Depletion of centromeric protein Cna1 prevents centromere clustering
A time course of meiotic nuclear dynamics is shown in Fig. 1. In nonmeiotic cells, the germline nucleus is spherical. Upon mixing of starved cells of different mating types, pairs of cells will conjugate and initiate synchronous meioses. The meiotic nuclei will first become drop-shaped, then spindle-shaped, before elongation culminates in the so-called crescent. During elongation, DSBs are formed, recombination protein Dmc1 forms foci on chromatin, and homologous chromosomes become juxtaposed (Loidl and Mochizuki, 2009; Lukaszewicz et al., 2010; Howard-Till et al., 2011). Later, nuclei shorten and chromatin condenses into threads. Five bivalents become visible during the next step, which is followed by a first and second meiotic division.
To study a possible role of centromeres in nuclear elongation, we constructed strains for conditional RNAi depletion of the centromere-specific H3 histone Cna1p (Cervantes et al., 2006; Cui and Gorovsky, 2006). A hairpin construct targeting CNA1 was placed under the MTT1 metallothionein promoter, and expression of dsRNA was induced by the addition of CdCl2 to cell cultures. To determine if RNAi was effective, we first applied it to vegetative cells (supplementary material Fig. S1). After 30 h (corresponding to 10–12 mitotic cycles) in the presence of cadmium, 70% of cells had lost the generative nucleus, in 14.5% it was small, and in 5.5% it was enlarged (n = 200 cells). In the non-induced control, 100% of cells (n = 100) had a normal-looking nucleus. This RNAi phenotype resembles the one reported for partial CNA1 deletion (Cervantes et al., 2006; Cui and Gorovsky, 2006) and indicates chromosomal disjunction problems due to the depletion of Cna1p. Efficient Cna1p depletion was further confirmed by immunostaining of Cna1p (antibody kindly provided by Harmit Malik). In the wild type, clustered signals were detected at the periphery of nuclei (cf. Cervantes et al., 2006) whereas in CNA1p-depleted cells, only a diffuse and unspecific background staining was seen (supplementary material Fig. S1E,F).
For studying nuclear behaviour in meiosis, we mated wild-type cells to cells that had been depleted of Cna1p for ∼30 h. In the resulting meiotic pairs, the wild-type partners displayed the characteristic elongated nucleus, whereas most of the cna1RNAi partners had lost the generative nucleus during premeiotic growth. Importantly, in the minority of cells where the generative nucleus was still present, its chromatin always remained spherical (Fig. 2A). Immunostaining of Cna1p highlighted the centromeric cluster at the tip of the elongated wild-type nucleus (Fig. 2B). Cna1p was also present in the Cna1p-depleted partner, which is due to the transfer of free protein from the wild-type partner (McDonald, 1966). However, it was not incorporated into centromeres, since this only occurs during S phase (see Cui and Gorovsky, 2006). Instead, ectopic Cna1p deposited along a thread-like structure projecting from the vegetative nucleus (Fig. 2B,D,E). This appendix probably represents a chromatin-free elongated portion of the nucleus. Therefore, it seems that cna1RNAi nuclei do elongate, but that chromosomes with disabled centromeres do not stretch between the two poles, and a mass of chromatin is left behind at one end. To add support for this interpretation, we immunostained against α-tubulin, since microtubules are known to line elongated meiotic nuclei (Davidson and LaFountain, 1975; Wolfe et al., 1976; Gaertig and Fleury, 1992). Indeed, tubulin also delineated an elongated chromatin-free extension of cna1RNAi nuclei (Fig. 2C,F). Therefore, centromeres are required for connecting chromosomes to the tip of the elongating nucleus, but not for driving elongation.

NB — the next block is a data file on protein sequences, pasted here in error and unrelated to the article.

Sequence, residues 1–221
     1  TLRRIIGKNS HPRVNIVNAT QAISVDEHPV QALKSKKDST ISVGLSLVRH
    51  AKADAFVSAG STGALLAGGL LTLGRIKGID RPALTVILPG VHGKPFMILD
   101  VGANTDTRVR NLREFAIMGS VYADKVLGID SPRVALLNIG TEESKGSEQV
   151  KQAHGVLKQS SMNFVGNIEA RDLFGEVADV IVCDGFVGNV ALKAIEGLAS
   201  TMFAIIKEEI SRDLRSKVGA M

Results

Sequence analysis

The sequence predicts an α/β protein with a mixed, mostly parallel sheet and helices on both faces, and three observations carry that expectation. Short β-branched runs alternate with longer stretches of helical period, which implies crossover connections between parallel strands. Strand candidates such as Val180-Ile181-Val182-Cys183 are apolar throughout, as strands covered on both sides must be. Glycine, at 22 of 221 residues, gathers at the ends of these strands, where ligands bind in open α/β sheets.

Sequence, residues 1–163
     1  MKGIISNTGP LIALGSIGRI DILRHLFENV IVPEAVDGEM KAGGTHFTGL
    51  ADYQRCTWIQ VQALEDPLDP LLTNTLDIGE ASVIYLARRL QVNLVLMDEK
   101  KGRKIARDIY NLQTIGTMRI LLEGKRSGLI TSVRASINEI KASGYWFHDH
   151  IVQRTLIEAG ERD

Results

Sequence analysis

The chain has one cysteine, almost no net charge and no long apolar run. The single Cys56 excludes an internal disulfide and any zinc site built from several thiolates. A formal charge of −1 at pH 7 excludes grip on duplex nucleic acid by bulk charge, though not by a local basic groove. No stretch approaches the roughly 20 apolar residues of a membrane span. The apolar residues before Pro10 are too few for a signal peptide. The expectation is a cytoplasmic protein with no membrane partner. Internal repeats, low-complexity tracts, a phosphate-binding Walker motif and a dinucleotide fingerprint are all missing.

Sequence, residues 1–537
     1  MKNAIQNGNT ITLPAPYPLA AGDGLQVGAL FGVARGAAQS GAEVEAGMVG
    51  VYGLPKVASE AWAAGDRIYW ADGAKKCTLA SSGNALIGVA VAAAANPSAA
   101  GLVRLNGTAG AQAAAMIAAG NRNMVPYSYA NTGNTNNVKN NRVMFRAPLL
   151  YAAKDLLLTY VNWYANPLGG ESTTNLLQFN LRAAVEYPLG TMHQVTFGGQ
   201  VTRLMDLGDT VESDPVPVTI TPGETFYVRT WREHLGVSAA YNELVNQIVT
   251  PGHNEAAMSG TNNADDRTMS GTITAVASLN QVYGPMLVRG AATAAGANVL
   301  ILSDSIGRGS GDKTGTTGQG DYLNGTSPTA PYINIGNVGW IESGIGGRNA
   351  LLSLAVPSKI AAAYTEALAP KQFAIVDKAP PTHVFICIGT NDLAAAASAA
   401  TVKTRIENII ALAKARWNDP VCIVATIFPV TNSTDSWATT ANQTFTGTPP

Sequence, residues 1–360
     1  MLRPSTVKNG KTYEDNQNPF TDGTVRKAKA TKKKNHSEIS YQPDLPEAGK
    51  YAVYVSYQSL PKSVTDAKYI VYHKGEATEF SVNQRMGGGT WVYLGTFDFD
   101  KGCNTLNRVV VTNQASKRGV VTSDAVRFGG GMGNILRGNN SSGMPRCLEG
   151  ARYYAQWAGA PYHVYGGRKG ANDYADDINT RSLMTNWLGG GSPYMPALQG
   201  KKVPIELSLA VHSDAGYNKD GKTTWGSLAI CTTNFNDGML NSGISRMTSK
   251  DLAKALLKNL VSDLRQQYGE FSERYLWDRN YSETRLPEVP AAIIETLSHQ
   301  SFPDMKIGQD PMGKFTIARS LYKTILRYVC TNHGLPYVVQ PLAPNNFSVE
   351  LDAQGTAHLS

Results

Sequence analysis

Centromere clustering is dependent on microtubules and promotes pairing of intercalary chromosome regions
The centromere assembles a protein complex, the kinetochore, which links the chromosome to microtubules (see Santaguida and Musacchio, 2009). Therefore, it is possible that the failure of Cen1p-depleted centromeres to attach to the nuclear tip is due to their inability to capture microtubules. We tested this possibility by treating cells with the microtubule inhibitor nocodazole (cf. Kaczanowski et al., 1985). In untreated cells, centromeres are clustered prior to the onset of meiosis. This probably reflects the chromosomal Rabl orientation, a consequence of the poleward centromere orientation during preceding telophase (Mochizuki et al., 2008, and references therein; supplementary material Fig. S1E). At the beginning of nuclear elongation, centromeres become transiently dispersed and re-assemble in the fully elongated nucleus (Mochizuki et al., 2008; Loidl and Mochizuki, 2009). As expected, nocodazole efficiently prevented nuclear elongation. When nocodazole was added 110 min after meiosis induction, elongation was completely suppressed (no elongated nuclei in 200 conjugating cells scored 3.5 h after meiosis induction, as compared to 59% in the wild type at the same stage). Moreover, centromeres failed to cluster (Loidl and Mochizuki, 2009) (Fig. 3A). This indicates that microtubules are not only required for nuclear elongation but also for the clustering of centromeres. Therefore, centromere clustering probably depends on the ability of centromeres to associate with microtubules. Notably, telomere clustering was also abolished in nocodazole-treated cells (Fig. 3B).